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Engaging Laboratory Operations for Significant Improvements in Sustainability

Joe Phillips, CUH2A


Laboratories differ from nearly all other facility types in that they are designed to handle hazardous materials. In addition, under the surface of experimentation and discovery, most laboratories are required to facilitate material and supply chain management. Done well, the results are invisible. Done poorly, no other design feature can compensate for materials management deficiencies. This presentation examines the impact of materials on project size, performance, environmental compliance and design configuration. It demonstrates a holistic organizational approach to materials management is necessary to realize the greatest environmental savings. Specific recommendations and areas for examination will be given to the audience for them to apply to their own facilities or projects with the intent of reducing materials use in labs, reducing facility storage and "warehousing" costs, and improving control over supplies and hazardous wastes.


Based on at least two project case studies, we have found that significant reductions can be made to the 10-15% of building area dedicated to operations support space. The key methods for this reduction is supply chain mapping, looking for delays and "warehouse" stops, and just-in-time procurement, allowing the scientific customer to utilize the supply vendor as the warehouse instead of the support space or, worse, lab as storage area. We have found simple changes in project planning and design changes to laboratory furnishings can facilitate the improved performance described. The overall result is a "right-sizing" of the project, reducing the use of natural resources and resultant energy, and less expensive lab furnishings for the necessary activity of materials management. A key finding is the involvement of operations and procurement professionals in the planning and design stages to determine how their methods and needs can be synergistically merged with the requirements of the scientific staff.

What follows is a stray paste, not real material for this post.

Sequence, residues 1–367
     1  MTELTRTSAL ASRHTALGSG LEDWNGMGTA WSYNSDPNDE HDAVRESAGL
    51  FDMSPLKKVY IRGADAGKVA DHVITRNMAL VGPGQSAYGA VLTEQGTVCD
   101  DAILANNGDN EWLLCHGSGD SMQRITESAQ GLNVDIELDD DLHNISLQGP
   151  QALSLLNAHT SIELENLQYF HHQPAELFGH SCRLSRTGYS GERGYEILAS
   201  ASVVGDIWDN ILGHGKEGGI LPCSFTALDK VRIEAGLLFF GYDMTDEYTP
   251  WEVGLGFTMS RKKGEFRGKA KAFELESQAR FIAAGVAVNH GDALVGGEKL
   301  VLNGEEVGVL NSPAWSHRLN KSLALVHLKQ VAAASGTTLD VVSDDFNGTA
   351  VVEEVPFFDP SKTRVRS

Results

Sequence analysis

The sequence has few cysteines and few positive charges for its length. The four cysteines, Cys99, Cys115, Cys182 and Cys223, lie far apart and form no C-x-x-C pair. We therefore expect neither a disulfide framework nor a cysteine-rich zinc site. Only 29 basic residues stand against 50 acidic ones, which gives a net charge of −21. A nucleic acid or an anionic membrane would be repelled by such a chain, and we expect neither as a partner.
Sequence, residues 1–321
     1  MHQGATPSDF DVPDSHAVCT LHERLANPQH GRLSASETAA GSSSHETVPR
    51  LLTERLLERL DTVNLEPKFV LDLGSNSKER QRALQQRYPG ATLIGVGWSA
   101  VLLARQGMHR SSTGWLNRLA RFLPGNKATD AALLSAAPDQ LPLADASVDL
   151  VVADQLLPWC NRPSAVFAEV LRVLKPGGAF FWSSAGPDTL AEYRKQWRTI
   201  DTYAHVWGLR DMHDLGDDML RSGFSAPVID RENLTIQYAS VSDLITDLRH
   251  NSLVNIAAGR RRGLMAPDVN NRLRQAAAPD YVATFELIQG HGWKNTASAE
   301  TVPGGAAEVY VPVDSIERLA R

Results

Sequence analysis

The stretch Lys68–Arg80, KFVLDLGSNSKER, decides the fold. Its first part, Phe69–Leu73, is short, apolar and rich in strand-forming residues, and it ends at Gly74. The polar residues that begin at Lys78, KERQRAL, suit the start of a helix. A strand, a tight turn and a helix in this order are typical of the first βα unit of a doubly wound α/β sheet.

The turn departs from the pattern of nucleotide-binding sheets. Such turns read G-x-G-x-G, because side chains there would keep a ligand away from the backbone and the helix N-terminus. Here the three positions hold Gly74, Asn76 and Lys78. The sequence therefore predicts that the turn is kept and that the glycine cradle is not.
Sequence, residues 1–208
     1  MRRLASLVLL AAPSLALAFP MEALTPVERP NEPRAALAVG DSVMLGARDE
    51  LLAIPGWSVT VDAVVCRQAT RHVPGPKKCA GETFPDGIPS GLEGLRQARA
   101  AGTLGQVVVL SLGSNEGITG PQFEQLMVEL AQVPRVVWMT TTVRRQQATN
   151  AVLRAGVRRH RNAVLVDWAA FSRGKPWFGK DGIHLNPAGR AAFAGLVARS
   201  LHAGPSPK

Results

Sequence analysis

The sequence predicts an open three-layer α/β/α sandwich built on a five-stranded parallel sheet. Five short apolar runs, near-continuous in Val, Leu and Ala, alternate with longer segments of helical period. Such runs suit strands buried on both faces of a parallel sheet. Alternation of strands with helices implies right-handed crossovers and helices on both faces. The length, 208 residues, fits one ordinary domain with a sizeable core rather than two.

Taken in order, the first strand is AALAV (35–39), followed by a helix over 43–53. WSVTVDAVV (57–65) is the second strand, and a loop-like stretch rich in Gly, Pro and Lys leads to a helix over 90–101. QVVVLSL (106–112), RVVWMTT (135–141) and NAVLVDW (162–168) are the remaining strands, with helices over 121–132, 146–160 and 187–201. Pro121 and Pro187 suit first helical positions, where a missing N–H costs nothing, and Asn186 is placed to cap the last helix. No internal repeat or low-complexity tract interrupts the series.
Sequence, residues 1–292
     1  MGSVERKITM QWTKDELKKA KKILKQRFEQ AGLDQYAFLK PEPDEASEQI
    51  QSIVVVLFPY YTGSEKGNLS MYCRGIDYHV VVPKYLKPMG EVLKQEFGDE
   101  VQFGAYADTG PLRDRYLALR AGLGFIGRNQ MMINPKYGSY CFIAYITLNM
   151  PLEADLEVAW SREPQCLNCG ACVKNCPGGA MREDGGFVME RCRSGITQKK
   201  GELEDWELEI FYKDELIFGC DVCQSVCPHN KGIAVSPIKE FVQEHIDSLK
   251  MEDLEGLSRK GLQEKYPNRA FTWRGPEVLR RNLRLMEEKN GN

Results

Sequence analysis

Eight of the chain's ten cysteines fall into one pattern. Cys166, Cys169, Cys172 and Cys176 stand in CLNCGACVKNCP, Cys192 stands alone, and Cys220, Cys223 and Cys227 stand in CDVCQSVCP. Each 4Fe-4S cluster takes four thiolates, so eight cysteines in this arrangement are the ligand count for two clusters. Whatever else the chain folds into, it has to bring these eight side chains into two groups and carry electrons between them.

Labs21 Connection:

  • Minimize overall environmental impacts.

Materials management and supply chain tracking have great influence on the overall environmental impact. Fewer materials are necessary for smaller buildings, to be sure. There is also resulting energy savings associated with a smaller footprint. But more importantly, effective supply chain management can have a powerful cascading effect to reduce the supply and waste burden of the modern laboratory. This is a holistic approach at looking at the operational requirements of labs and revamping them to translate to improved environmental performance.

  • Establish goals, track performance, and share results for continuous improvement.

This presentation shares uncommon ideas and results that have been routinely overlooked in the planning and design of laboratory facilities. It presents novel ideas that are readily applicable to labs for immediate improvement in environmental monitoring of a site's hazardous materials. Applied to the planning and design process, they have the capacity to improve the environmental responsiveness of a lab facility.


Joe Phillips is one of CUH2A's senior advisors in research facility planning and design. Nationally recognized for his expertise in this field, his focus is on integrating the human activity of science and discovery with the laboratory. A former research scientist and laboratory director, Joe fully appreciates his client's financial, technical, and operational needs, and how these requirements influence the capital project process. His leading-edge project experience clearly demonstrates this skill in the creation of safe, productive and adaptable facilities that enhance the quality of life within the laboratory.

A widely published author on laboratory and research facility planning and design, Joe's expertise includes biological containment, product discovery and development, biomedical research, and analytical services, Joe also lead's CUH2A's sustainable design development of projects. Recent publications include contributions to The Anthology of Biosafety, Environmental Design & Construction, Pharmaceutical Engineering, Today's Chemist, and Laboratory Design Newsletter. He earned his B.S. in Chemistry from Bucknell University and M.Arch. from the University of Colorado and has 15 years of experience in clinical and forensic toxicology. He has been working with CUH2A on projects worldwide since 1992.

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